In addition, auditors are expected to communicate with the audit committee throughout the audit process regarding the auditor’s evaluation of the company’s identification of, accounting for and disclosure of its related-party relationships and transactions. They can’t wait until the end of the engagement to communicate on these matters.
During fieldwork, expect auditors to be on the hunt for undisclosed related parties and unusual transactions. Examples of information that may be gathered during the audit that could reveal undisclosed related parties include information contained on the company’s website, tax filings, corporate life insurance policies, contracts and organizational charts.
Certain types of questionable transactions — such as contracts for below-market goods or services, bill-and-hold arrangements, uncollateralized loans and subsequent repurchase of goods sold — also might signal that a company is engaged in unusual or undisclosed related-party transactions.
To facilitate the audit process, management should be up-front with auditors about all related party transactions, even if they’re not required to be disclosed or consolidated on the company’s financial statements.
Let’s be honest
Private companies also engage in numerous related party transactions, and they may experience spillover effects of the tougher PCAOB auditing standard, which applies only to audits of public companies. Regardless of whether you’re publicly traded or privately held, it’s important to identify, evaluate and disclose all related parties. We can help you present related party relationships and transactions, openly and completely.
business - small business
March 20, 2019 | BY admin
In the broadest sense, strategic planning comprises two primary tasks: establishing goals and achieving them. Many business owners would probably say the first part, coming up with objectives, is relatively easy. It’s that second part — accomplishing those goals — that can really challenge a company. The key to turning your strategic objectives into a reality is a solid implementation plan.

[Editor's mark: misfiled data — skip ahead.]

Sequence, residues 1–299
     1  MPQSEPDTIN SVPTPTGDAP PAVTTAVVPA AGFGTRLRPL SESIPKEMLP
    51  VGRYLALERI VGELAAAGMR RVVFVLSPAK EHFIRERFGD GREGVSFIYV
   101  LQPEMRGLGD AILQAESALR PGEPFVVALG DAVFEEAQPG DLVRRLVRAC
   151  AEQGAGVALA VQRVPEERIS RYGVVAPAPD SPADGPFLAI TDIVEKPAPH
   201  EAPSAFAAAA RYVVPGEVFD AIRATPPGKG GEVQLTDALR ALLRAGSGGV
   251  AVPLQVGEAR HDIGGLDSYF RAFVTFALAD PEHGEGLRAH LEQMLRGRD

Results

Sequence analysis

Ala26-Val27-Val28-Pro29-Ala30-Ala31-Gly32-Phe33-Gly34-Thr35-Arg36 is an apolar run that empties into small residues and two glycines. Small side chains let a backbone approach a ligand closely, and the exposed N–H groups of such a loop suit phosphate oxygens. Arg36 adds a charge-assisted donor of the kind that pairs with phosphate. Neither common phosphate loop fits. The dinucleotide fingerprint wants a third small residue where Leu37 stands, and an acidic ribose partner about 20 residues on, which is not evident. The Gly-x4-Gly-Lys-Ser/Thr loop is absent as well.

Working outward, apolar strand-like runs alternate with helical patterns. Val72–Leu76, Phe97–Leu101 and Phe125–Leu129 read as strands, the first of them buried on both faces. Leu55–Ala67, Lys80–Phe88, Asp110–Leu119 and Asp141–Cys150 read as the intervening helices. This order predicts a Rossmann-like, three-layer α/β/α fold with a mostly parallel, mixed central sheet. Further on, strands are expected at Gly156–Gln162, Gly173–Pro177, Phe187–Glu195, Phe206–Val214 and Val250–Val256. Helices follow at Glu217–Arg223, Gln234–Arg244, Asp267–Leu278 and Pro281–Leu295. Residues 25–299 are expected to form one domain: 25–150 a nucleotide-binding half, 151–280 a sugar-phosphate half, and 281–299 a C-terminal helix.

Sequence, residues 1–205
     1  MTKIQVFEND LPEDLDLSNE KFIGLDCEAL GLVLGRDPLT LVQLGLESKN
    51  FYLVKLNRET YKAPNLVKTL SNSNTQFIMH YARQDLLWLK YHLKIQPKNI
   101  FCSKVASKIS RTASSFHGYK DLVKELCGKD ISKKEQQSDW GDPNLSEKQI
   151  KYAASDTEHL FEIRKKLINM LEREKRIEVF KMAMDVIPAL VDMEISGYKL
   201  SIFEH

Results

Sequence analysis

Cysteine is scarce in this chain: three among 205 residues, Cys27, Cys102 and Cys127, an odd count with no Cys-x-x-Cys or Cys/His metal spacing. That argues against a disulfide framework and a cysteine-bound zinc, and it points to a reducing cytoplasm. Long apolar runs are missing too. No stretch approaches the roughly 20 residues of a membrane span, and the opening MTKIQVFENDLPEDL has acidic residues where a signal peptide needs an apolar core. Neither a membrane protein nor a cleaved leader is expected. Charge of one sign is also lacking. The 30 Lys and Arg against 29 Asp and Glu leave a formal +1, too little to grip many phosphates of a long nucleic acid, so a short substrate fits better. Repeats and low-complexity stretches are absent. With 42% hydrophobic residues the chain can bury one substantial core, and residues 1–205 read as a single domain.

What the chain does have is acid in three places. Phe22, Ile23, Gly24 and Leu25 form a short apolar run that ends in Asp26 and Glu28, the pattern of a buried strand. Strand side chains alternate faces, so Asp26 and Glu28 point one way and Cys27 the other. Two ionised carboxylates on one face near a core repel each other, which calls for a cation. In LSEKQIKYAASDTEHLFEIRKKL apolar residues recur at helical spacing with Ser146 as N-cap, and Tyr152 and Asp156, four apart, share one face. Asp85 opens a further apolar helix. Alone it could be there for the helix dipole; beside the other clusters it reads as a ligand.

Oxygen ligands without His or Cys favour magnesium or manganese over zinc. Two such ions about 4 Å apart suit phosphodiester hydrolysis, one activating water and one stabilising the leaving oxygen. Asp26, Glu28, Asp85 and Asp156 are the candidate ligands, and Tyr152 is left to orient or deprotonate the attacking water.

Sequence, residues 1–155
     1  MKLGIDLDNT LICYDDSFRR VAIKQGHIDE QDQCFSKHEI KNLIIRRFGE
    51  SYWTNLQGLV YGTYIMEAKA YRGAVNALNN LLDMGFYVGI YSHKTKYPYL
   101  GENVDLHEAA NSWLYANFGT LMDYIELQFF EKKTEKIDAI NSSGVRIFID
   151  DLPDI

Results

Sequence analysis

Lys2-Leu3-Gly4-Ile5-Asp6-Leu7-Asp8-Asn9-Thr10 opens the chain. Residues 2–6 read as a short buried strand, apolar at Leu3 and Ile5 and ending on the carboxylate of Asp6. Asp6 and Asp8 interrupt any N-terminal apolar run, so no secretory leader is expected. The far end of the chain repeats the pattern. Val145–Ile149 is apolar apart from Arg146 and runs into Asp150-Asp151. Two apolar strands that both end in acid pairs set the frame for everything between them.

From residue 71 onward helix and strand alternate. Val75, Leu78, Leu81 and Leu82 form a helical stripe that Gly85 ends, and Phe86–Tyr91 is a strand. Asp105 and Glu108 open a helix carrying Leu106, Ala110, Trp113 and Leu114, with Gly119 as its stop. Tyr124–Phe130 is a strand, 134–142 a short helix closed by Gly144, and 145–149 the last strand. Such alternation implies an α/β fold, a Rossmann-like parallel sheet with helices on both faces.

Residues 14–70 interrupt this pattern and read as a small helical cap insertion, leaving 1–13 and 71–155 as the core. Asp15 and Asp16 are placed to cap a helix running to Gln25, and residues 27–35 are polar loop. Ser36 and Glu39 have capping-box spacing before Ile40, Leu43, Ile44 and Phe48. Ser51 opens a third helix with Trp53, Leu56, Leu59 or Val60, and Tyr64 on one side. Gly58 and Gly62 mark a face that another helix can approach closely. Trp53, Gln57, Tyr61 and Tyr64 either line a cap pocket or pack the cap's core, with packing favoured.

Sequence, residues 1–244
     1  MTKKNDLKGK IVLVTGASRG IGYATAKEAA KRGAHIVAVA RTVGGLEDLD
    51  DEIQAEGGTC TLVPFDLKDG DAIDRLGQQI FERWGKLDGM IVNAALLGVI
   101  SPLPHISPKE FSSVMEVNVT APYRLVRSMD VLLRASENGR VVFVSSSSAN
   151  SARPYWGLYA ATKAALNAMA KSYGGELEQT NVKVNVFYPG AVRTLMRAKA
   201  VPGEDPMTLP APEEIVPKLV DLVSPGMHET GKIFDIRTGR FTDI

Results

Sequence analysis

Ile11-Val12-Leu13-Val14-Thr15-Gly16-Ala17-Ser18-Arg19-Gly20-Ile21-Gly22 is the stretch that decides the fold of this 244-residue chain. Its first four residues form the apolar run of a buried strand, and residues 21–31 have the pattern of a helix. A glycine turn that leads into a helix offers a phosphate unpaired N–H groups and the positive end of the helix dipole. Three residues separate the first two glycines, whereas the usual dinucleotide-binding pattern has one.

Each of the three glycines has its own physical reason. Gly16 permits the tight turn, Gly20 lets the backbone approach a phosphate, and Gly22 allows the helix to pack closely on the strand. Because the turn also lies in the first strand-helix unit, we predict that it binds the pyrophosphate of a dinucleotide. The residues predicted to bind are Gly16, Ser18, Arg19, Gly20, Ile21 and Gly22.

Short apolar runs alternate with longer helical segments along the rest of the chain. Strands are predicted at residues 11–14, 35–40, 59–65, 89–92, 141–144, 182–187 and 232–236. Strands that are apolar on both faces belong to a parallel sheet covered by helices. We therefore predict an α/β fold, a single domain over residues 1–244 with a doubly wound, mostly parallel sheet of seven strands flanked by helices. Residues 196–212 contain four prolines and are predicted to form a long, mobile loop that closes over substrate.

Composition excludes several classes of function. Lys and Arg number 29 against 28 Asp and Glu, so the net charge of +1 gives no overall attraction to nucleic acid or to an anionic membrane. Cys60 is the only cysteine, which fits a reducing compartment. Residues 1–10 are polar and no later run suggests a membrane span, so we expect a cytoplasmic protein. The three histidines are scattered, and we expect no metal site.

Start with people
After clearly identifying short- and long-range goals under a viable strategic planning process, you need to establish a formal plan for carrying it out. The most important aspect of this plan is getting the right people involved.
First, appoint an implementation leader and give him or her the authority, responsibility and accountability to communicate and champion your stated objectives. (If yours is a smaller business, you could oversee implementation yourself.)
Next, establish teams of carefully selected employees with specific duties and timelines under which to complete goal-related projects. Choose employees with the experience, will and energy to implement the plan. These teams should deliver regular progress reports to you and the implementation leader.
Watch out for roadblocks
On the surface, these steps may seem logical and foolproof. But let’s delve into what could go wrong with such a clearly defined process.
One typical problem arises when an implementation team is composed of employees wholly or largely from one department. Often, they’ll (inadvertently or intentionally) execute an objective in such a way that mostly benefits their department but ultimately hinders the company from meeting the intended goal.
To avoid this, create teams with a diversity of employees from across various departments. For example, an objective related to expanding your company’s customer base will naturally need to include members of the sales and marketing departments. But also invite administrative, production and IT staff to ensure the team’s actions are operationally practical and sustainable.
Another common roadblock is running into money problems. Ensure your implementation plan is feasible based on your company’s budget, revenue projections, and local and national economic forecasts. Ask teams to include expense reports and financial projections in their regular reports. If you determine that you can’t (or shouldn’t) implement the plan as written, don’t hesitate to revise or eliminate some goals.
Succeed at the important part
Strategic planning may seem to be “all about the ideas,” but implementing the specific goals related to your strategic plan is really the most important part of the process. Of course, it’s also the most difficult and most affected by outside forces. We can help you assess the financial feasibility of your objectives and design an implementation plan with the highest odds of success.
#smallbusiness - business - business management - management - marketing
March 06, 2019 | BY admin
As the old saying goes, “Knowledge is power.” This certainly rings true in business, as those who best understand their industries and markets tend to have a knack for staying on top. If that person is a company’s owner, however, great knowledge can turn into a vulnerability when he or she decides to retire or otherwise leave the business.
As you develop your succession plan, consider how to mitigate the loss of pure know-how that will occur when you step down. One way to tackle this risk is to implement a knowledge management strategy.